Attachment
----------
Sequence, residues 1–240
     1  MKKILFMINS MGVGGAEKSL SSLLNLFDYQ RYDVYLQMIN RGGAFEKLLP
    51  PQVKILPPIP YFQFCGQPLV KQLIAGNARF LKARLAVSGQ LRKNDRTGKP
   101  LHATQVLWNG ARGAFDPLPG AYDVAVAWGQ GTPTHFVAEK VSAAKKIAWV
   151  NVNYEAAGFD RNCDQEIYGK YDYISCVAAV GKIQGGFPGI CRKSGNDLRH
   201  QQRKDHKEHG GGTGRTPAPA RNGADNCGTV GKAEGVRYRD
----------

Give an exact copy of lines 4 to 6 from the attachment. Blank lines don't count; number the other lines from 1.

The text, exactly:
   101  LHATQVLWNG ARGAFDPLPG AYDVAVAWGQ GTPTHFVAEK VSAAKKIAWV
   151  NVNYEAAGFD RNCDQEIYGK YDYISCVAAV GKIQGGFPGI CRKSGNDLRH
   201  QQRKDHKEHG GGTGRTPAPA RNGADNCGTV GKAEGVRYRD